Grouping Cryptid
Other name(s) Breaker of boats (Translation)
Region Zambia,
Democratic Republic of Congo

The kongamato ("breaker of boats") is a reported pterosaur-like creature said to have been seen by the people of and explorers in the Mwinilunga district's Jiundu swamps of Western Zambia, Angola and Congo.[1] Suggested identities include a modern-day Rhamphorhynchus, a misidentified bird (such as the very large and peculiar saddle-billed stork), or a giant bat. No film has ever been taken, nor have any bodies been examined, leaving all of the stories to rely on large wounds and eyewitness accounts.


Frank Melland, in his 1923 book In Witchbound Africa, describes it as living along certain rivers, and very dangerous, often attacking small boats, and anybody who disturbed the creature. They are typically described as either red or black in color, with a wingspan of 4 to 7 feet. Members of the local Kaonde tribe identified it as similar to a pterosaur after being shown a picture from Melland's book collection.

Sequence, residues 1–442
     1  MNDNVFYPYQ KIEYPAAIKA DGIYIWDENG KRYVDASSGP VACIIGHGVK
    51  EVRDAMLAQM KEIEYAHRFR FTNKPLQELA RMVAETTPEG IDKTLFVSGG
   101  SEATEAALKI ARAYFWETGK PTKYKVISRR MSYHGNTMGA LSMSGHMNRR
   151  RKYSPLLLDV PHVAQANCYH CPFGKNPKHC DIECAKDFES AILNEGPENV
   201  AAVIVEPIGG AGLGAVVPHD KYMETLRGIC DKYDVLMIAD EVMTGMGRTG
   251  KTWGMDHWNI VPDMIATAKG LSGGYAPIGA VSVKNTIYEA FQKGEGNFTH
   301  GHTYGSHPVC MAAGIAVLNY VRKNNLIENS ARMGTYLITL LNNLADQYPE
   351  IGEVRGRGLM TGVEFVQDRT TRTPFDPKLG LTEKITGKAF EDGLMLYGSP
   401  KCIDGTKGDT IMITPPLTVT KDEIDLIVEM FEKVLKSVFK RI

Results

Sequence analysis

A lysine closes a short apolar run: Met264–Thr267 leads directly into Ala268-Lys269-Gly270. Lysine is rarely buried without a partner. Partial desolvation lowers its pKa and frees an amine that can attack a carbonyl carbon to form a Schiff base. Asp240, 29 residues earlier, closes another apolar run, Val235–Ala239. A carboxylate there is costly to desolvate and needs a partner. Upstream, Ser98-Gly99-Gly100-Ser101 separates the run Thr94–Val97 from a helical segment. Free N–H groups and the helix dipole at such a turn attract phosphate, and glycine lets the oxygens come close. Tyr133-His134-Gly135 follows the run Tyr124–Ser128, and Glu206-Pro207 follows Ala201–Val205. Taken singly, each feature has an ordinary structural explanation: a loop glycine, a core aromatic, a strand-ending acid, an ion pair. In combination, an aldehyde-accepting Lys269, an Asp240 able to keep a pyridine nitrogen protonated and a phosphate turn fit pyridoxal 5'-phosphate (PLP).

Biologist Ivan T. Sanderson described a close encounter with a creature alleged to be a kongamato in the 1930s.

In 1956 an engineer, J.P.F. Brown, allegedly saw the creature at Fort Rosebery near Lake Bangweulu in Northern Rhodesia (now Zambia). It was about 6:00 p.m. when he saw two creatures flying slowly and silently directly overhead. He observed that they looked prehistoric. He estimated a wingspan of about 3 to 3 12 feet (0.91 to 1.07 meters) and a beak-to-tail length of about 4 12 feet (1.4 meters). It reportedly had a long thin tail, and a narrow head which he likened to an elongated snout of a dog.

The following year, at a hospital at Fort Rosebery, a patient came in with a severe wound in his chest, claiming that a large bird-like creature had attacked him in the Bangweulu Swamps. When asked to draw the creature, he allegedly drew a creature resembling a pterosaur. This drawing does not appear to have survived to the present.[2]

It is curious to note that the area concerned is advertised as a prime birdwatching site.[3] This shows this area is a popular area for birds.

There are reports of similar creatures (no details given) from Angola, Zimbabwe, Democratic Republic of Congo, Namibia, Tanzania and Kenya. The kongamato may be related to what is called a "flying snake" [4] in Namibia.

See also


  1. Matthews, John (2005), The Element Encyclopedia of Magical Creatures, p. 346
  2. "Cryptids - Kongamato - Flying Demons of the Forbidden Swamps". Cryptozoology.com. Retrieved 2012-10-07.
  3. "Blog Archive » "Flying Snakes" and Pterosaurs in Namibia". Live Pterosaur. 2009-09-15. Retrieved 2012-10-07.

Further reading

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